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Sophie's BioNutrients and DTI Collaborate to Create Nutrient-Rich Chlorella-Based Ice Cream

Sophie's BioNutrients, a leading B2B food tech company, has partnered with the Danish Technological Institute (DTI) to develop an innovative chlorella-based ice cream. This vegan ice cream, made with Sophie's dairy-free Chlorella Protein Concentrate, offers a complete nutritional profile, boasting higher levels of B12 and iron compared to most dairy and plant-based alternatives. Sophie's Chlorella Protein is derived from naturally cultivated Chlorella vulgaris, a neutral-hued microalgae flour. The strains of Chlorella vulgaris used by Sophie's are recognized as safe food ingredients by both the US GRAS and the European Food Safety Authority (EFSA).

In collaboration with DTI's technical experts, the Sophie's team conducted an initial screening of the chlorella ingredient to assess its potential. They then combined it with functional ingredients to replicate the natural texture of ice cream. The final product can be used to create a variety of popular ice cream flavors.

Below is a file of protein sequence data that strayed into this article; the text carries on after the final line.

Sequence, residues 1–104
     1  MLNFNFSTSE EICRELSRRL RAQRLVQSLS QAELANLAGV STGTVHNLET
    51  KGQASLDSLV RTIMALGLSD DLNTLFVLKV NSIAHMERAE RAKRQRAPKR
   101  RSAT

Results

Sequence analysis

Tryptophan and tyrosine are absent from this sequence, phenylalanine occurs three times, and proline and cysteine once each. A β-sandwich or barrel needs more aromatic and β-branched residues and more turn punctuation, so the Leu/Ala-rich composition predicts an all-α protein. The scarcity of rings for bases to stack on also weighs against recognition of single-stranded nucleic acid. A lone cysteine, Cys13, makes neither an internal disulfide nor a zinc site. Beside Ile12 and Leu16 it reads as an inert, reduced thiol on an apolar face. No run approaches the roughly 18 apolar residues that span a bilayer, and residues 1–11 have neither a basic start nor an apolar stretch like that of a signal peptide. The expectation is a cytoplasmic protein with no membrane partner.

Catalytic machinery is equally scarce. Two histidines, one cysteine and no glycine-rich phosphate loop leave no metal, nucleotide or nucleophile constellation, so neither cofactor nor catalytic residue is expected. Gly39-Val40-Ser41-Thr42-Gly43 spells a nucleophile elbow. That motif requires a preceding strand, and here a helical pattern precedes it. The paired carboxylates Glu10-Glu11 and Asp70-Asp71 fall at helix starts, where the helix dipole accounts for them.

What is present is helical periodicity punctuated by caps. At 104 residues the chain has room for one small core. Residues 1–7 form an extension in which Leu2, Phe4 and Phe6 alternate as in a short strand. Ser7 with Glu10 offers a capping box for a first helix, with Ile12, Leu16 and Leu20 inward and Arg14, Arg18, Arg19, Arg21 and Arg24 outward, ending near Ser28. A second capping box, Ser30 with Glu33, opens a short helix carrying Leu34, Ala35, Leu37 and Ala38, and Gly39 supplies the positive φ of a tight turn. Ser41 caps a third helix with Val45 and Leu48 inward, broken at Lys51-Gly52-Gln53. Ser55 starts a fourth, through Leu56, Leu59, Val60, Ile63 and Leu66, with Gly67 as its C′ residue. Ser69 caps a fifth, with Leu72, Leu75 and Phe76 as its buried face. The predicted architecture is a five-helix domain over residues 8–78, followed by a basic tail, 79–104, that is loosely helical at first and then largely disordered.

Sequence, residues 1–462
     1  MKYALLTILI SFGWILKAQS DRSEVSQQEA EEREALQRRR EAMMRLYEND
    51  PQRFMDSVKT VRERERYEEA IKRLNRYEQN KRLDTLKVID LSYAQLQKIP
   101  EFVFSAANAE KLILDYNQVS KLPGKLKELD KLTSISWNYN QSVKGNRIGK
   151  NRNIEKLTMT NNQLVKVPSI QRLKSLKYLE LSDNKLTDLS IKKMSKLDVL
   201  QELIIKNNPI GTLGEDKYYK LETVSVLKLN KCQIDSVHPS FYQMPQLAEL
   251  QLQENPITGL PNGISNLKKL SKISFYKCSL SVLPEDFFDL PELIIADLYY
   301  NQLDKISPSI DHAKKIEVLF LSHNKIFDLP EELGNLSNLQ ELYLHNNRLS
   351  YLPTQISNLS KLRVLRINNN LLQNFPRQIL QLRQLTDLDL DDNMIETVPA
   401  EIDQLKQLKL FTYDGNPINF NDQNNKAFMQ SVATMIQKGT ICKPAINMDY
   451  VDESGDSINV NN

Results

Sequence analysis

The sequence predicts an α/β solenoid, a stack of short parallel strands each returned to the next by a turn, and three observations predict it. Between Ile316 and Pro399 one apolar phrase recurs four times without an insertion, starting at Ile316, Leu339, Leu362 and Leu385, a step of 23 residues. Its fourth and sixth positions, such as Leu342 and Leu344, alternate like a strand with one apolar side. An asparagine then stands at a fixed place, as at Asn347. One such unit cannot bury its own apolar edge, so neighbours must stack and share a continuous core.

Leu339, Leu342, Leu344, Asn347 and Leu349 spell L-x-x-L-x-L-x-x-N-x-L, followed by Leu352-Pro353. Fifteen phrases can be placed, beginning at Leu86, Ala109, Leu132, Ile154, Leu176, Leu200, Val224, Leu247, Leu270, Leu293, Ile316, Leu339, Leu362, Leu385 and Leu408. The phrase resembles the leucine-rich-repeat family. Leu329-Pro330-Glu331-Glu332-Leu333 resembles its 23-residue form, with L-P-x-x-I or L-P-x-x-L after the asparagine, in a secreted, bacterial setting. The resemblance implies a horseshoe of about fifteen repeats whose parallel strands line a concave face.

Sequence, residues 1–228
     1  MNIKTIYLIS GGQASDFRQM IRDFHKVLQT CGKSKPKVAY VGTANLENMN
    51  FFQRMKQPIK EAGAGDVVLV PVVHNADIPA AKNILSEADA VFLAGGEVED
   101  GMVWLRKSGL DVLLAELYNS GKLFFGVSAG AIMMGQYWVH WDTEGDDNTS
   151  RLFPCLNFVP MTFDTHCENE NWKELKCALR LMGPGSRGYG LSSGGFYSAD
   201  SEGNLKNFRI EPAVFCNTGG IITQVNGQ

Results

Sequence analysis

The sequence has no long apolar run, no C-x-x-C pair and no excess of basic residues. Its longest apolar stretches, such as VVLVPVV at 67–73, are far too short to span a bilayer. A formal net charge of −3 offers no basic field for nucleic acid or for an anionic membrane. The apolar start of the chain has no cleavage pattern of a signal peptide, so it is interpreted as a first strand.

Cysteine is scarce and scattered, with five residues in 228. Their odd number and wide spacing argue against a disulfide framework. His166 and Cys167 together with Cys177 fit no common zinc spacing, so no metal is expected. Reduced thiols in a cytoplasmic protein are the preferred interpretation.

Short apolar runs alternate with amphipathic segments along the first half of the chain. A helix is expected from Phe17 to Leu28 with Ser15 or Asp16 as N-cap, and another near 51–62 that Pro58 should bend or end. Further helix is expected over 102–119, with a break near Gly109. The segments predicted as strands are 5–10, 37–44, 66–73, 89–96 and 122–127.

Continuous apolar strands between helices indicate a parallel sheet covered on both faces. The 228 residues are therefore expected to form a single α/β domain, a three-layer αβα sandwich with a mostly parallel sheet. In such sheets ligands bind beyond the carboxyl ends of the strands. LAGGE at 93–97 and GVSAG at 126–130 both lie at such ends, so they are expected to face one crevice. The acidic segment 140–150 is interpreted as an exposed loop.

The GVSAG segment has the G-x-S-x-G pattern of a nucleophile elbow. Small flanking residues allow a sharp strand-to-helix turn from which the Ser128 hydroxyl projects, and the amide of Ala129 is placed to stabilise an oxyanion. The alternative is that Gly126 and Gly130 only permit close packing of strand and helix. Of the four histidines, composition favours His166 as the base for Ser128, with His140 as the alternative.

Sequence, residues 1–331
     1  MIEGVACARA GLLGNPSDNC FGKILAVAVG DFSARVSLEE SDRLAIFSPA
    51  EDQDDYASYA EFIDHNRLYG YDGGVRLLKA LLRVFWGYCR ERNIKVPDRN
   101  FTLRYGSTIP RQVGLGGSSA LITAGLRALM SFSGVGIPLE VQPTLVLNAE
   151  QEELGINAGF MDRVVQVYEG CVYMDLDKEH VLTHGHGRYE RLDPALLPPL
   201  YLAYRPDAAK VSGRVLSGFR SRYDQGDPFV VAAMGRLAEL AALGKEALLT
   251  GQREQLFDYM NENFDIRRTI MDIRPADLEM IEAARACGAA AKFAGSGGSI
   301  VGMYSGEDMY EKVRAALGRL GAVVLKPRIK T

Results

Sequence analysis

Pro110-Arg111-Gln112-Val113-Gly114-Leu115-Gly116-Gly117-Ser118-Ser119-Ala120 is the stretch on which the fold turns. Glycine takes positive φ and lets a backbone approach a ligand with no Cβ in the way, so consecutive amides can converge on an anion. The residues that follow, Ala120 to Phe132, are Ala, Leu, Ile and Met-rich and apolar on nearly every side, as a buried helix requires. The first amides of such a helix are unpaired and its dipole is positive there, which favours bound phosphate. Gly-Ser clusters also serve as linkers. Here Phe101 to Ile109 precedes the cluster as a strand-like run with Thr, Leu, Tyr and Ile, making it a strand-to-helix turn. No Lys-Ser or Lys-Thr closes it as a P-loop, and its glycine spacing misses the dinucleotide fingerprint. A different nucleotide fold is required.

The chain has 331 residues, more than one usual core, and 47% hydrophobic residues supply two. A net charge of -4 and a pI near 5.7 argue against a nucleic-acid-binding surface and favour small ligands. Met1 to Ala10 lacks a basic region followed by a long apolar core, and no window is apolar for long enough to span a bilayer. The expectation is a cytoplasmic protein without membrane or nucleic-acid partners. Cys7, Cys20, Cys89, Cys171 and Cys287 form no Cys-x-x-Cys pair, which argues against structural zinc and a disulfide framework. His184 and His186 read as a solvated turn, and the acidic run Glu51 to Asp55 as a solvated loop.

According to Sophie's, consuming just a 1 oz serving of chlorella ice cream has the potential to provide double the recommended daily intake of Vitamin B12. Additionally, chlorella is a good source of iron, a nutrient not found in cow's milk. Furthermore, the cultivation and harvest of chlorella have a significantly lower carbon footprint compared to dairy farming, making it a more sustainable choice.

Eugene Wang, Co-Founder and CEO of Sophie's BioNutrients, highlighted the nutritional benefits of microalgae, describing it as one of the most nutrient-rich and versatile resources available. Wang expressed excitement about the development of a dairy and lactose-free alternative to ice cream that surpasses the nutrition content of most existing dairy-free options, thanks to the inclusion of microalgae. He emphasized the potential for more inclusive dining experiences and advancements in allergen-free foods.

Sophie's BioNutrients, based in Singapore, specializes in microalgae innovations. Their previous breakthroughs include the creation of the world's first algae-based milk and cheddar cheese.

Anne Louise Dannesboe Nielsen, Director of Food Technology at the Danish Technological Institute, expressed enthusiasm for microalgae's future potential, describing it as a sustainable ingredient with numerous applications in the food industry. Nielsen emphasized DTI's commitment to further exploring and understanding the possibilities offered by microalgae.

The collaboration between Sophie's BioNutrients and DTI represents a significant step forward in creating nutrient-rich, sustainable food alternatives. As the demand for allergen-free and plant-based options continues to grow, innovations like chlorella-based ice cream offer exciting possibilities for the future of food.


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